72 Hours in the Middle East: What I Learned

This trip was a TRIP to say the least (see what I did there?). To do something like this, you have to be either a sheik or a major mileage traveler – chances are that I will never be either one. However, I do have a few takeaways from my marathon, whirlwind trip that I thought I would share here:


1. On a long flight, the seat is king.

The best flight of my life was the one with the best food, not the best seat. And yet, I can comfortably say that I would not have wanted to take that flight for the longest, 14 hour long haul portion of my trip. For that, I wanted the biggest, widest, plushest seat available. It doesn’t matter if the airplane has a crappy entertainment system or you have to sit near the toilets or they only feed you peanuts for 12 hours. You want the BEST, FLATTEST, CUSHIEST seat that you can afford.


2. Take a little helper

A sleep aid is essential to sleeping well and thoroughly on your flight. I suffered next to no jet lag when I returned home, and I’m convinced that it was due to some moderate use of a simple over the counter sleep aid. I had never before taken anything on a flight because I was so scared of having a terrible “hangover” when I landed. I was careful to hydrate a ton, eat enough to absorb the medicine, and not mix it with booze (though it seems like I drank nonstop, I really only indulged on flights where I didn’t take anything.). I’m now a convert!


3. Red eyes are not the devil in first or business class

Combine tips 1 and 2 and you may well just arrive well rested enough to grab breakfast and a quick shopping jaunt at your destination before you crash for a nap. I have never arrived so well rested as I did after that first overnight flight to London. If you can get a relatively cheap flight in business class just because it’s the red eye – OMG DO IT!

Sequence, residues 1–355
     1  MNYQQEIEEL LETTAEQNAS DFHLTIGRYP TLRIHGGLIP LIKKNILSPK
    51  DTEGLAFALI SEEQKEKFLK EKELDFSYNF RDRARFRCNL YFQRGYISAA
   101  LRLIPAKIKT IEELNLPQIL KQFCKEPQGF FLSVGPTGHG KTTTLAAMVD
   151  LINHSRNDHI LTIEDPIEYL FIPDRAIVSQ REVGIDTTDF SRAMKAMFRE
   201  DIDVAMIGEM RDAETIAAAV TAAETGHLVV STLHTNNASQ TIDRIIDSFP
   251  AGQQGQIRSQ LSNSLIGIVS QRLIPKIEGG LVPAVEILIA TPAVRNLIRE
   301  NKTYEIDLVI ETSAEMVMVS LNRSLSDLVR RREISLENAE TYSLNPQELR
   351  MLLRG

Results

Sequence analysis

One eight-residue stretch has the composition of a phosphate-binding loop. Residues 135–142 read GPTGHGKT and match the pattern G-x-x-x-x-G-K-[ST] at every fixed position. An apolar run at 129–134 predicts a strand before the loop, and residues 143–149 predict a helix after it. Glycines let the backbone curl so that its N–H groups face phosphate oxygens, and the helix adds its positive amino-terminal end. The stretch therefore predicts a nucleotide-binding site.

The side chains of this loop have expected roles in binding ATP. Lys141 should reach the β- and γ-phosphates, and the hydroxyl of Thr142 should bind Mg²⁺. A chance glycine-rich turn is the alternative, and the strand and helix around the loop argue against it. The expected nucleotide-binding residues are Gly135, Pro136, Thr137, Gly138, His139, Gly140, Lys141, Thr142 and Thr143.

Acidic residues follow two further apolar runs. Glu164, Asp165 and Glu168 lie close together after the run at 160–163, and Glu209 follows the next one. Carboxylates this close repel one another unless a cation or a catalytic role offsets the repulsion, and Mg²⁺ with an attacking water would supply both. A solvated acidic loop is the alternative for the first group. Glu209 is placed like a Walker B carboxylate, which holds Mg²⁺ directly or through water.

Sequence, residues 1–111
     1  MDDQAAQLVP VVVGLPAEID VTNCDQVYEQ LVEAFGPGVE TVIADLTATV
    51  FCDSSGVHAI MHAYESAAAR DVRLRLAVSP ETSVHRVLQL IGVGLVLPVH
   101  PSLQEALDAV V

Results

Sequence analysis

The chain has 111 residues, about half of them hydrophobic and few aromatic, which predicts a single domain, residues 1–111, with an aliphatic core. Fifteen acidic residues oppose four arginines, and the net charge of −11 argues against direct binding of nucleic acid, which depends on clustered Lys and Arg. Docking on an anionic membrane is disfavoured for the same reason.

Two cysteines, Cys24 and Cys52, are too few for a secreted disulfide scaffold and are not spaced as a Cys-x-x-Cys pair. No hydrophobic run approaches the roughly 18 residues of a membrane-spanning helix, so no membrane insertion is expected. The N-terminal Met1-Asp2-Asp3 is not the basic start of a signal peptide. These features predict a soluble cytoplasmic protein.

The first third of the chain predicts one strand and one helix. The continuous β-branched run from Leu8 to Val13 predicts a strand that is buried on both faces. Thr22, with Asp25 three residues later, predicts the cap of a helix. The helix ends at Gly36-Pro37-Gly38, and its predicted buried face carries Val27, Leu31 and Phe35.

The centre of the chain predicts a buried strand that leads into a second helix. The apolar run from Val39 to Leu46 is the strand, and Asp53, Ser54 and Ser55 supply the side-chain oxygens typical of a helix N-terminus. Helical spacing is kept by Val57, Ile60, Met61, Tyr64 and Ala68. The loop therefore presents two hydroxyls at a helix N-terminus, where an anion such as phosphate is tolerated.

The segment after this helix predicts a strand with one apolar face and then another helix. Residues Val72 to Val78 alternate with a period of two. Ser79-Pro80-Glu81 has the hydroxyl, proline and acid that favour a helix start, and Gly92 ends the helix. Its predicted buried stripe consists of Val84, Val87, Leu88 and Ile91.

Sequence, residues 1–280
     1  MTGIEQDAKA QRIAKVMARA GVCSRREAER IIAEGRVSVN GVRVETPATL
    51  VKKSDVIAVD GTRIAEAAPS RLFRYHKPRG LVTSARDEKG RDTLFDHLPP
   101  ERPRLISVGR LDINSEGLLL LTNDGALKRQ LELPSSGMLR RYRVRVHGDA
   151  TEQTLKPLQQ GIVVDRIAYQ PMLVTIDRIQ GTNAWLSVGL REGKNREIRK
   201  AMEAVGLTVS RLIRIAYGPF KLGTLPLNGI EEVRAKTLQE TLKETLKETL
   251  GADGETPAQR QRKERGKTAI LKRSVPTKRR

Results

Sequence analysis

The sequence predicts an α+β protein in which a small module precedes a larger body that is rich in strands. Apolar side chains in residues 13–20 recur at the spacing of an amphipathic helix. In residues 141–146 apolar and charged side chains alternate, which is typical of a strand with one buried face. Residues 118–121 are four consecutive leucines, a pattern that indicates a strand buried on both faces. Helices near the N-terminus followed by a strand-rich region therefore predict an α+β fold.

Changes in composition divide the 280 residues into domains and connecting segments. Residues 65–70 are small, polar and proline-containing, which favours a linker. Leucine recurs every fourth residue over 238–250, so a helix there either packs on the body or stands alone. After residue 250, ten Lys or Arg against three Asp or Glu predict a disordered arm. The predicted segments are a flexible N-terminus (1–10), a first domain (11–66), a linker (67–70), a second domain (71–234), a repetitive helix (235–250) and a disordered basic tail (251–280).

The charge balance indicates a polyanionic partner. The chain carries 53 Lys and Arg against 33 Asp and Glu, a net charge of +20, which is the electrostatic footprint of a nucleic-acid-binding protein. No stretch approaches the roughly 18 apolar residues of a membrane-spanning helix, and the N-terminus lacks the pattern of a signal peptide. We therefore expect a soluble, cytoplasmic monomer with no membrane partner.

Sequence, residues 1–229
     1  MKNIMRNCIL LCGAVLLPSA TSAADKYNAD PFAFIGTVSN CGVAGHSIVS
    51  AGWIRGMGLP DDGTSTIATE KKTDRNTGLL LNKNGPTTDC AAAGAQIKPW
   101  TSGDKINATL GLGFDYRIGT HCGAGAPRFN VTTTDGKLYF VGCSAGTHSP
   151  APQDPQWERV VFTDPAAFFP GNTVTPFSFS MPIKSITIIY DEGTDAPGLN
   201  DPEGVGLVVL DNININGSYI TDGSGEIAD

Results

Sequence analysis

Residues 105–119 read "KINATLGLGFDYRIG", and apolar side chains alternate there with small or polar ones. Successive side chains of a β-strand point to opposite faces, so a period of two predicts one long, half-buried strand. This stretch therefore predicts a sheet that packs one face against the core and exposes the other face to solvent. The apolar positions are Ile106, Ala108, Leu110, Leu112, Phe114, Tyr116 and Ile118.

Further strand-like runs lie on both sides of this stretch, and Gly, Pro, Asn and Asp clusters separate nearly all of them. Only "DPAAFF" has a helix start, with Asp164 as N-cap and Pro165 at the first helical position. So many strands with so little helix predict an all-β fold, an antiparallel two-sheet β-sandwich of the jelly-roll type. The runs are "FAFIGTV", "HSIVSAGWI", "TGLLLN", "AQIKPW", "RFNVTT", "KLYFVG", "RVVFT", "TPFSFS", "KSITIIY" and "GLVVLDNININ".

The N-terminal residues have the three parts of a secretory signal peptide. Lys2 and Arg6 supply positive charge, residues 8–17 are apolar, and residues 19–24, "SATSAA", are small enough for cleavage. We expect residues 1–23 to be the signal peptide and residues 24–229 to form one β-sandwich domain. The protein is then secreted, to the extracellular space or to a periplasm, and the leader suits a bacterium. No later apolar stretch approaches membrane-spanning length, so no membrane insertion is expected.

4. Certain airlines are worth the layover

I have always been a “straight through is best” kind of gal. Get me there and home with as few complications as possible and all that jazz. And I still feel that way about traveling with kids or nervous travelers (hi mom and husband). BUT…if you, like me, rather enjoy a glass of 2005 Sauternes and seeing an airport where they sell Tang by the bushel, a slightly more complex routing can be a delight. I loved the new business class seats that we had by taking a slightly less convenient flight to London. The chance to sleep one night in the Qatar airport was, unexpectedly, totally delightful. And I would fly loops just to use that incredible Etihad suite again. One small layover for an incredible airline is something that I would absolutely do again.


5. Make your credit cards work for you.

I am not a finance nor a miles blogger. I’m just saying…if you are interested in building up miles to fly on some of these incredible airlines, take a look at one or two of these blogs to get an idea of credit cards that can help you build up miles at the same time that you are just buying groceries, staying at hotels, and paying for gas. It should go without saying that you need to be fiscally responsible – the idea of “churning” credit cards isn’t something that I could ever imagine doing. But if you spend on a credit card any way – why not make it work for you, right? I might not ever have 12 million miles, but it won’t be for lack of having a credit card that works my spending for me!

Like I said, this trip was once in a lifetime for me. I would love to fly any of these airlines again, but I don’t know when or if that will ever happen.

Thank you so much to my dad for making this happen. You have always made my dreams come true and I couldn’t ask for a more enthusiastic, generous, and fun flying trip buddy.  I’ll never forget this Krug-infused, lay flat seat-laden, first class extravaganza. 

Especially when I’m on my next Jet Blue flight, praying for a can of seltzer. 


  1. Love you for sharing all of this, and love your thank you to your dad at the end 🙂 <3